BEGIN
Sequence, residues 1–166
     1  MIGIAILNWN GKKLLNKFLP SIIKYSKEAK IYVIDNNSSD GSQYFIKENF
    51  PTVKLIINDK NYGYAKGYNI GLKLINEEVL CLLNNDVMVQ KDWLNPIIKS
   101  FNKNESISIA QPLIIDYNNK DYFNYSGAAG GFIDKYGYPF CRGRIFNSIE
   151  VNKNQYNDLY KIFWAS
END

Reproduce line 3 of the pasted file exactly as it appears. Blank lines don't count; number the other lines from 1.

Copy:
    51  PTVKLIINDK NYGYAKGYNI GLKLINEEVL CLLNNDVMVQ KDWLNPIIKS